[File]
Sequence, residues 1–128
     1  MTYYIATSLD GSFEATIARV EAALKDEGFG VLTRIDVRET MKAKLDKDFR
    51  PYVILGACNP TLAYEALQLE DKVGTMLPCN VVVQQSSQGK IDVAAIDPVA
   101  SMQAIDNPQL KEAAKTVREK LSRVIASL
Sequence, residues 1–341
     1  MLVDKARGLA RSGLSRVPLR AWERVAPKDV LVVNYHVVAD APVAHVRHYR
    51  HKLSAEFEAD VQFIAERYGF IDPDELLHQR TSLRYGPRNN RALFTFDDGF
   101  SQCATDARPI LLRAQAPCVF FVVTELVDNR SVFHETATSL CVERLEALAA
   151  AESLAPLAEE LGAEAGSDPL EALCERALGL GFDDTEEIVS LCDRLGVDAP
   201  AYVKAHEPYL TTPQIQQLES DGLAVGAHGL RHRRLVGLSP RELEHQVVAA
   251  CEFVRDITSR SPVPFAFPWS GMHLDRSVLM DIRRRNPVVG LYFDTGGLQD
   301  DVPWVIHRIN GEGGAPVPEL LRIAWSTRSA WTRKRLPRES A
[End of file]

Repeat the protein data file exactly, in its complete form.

Sequence, residues 1–128
     1  MTYYIATSLD GSFEATIARV EAALKDEGFG VLTRIDVRET MKAKLDKDFR
    51  PYVILGACNP TLAYEALQLE DKVGTMLPCN VVVQQSSQGK IDVAAIDPVA
   101  SMQAIDNPQL KEAAKTVREK LSRVIASL
Sequence, residues 1–341
     1  MLVDKARGLA RSGLSRVPLR AWERVAPKDV LVVNYHVVAD APVAHVRHYR
    51  HKLSAEFEAD VQFIAERYGF IDPDELLHQR TSLRYGPRNN RALFTFDDGF
   101  SQCATDARPI LLRAQAPCVF FVVTELVDNR SVFHETATSL CVERLEALAA
   151  AESLAPLAEE LGAEAGSDPL EALCERALGL GFDDTEEIVS LCDRLGVDAP
   201  AYVKAHEPYL TTPQIQQLES DGLAVGAHGL RHRRLVGLSP RELEHQVVAA
   251  CEFVRDITSR SPVPFAFPWS GMHLDRSVLM DIRRRNPVVG LYFDTGGLQD
   301  DVPWVIHRIN GEGGAPVPEL LRIAWSTRSA WTRKRLPRES A